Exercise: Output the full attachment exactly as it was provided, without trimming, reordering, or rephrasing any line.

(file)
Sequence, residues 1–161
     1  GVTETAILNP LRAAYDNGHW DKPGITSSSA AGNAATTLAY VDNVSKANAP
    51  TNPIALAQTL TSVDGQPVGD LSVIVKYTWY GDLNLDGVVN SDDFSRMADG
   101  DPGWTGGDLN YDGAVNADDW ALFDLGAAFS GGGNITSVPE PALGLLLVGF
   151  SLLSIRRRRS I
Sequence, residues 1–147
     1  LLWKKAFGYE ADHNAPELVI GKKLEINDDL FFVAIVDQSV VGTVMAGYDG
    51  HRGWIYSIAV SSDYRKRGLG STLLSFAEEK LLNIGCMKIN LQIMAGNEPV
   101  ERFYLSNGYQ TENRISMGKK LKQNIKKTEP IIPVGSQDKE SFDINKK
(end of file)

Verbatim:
Sequence, residues 1–161
     1  GVTETAILNP LRAAYDNGHW DKPGITSSSA AGNAATTLAY VDNVSKANAP
    51  TNPIALAQTL TSVDGQPVGD LSVIVKYTWY GDLNLDGVVN SDDFSRMADG
   101  DPGWTGGDLN YDGAVNADDW ALFDLGAAFS GGGNITSVPE PALGLLLVGF
   151  SLLSIRRRRS I
Sequence, residues 1–147
     1  LLWKKAFGYE ADHNAPELVI GKKLEINDDL FFVAIVDQSV VGTVMAGYDG
    51  HRGWIYSIAV SSDYRKRGLG STLLSFAEEK LLNIGCMKIN LQIMAGNEPV
   101  ERFYLSNGYQ TENRISMGKK LKQNIKKTEP IIPVGSQDKE SFDINKK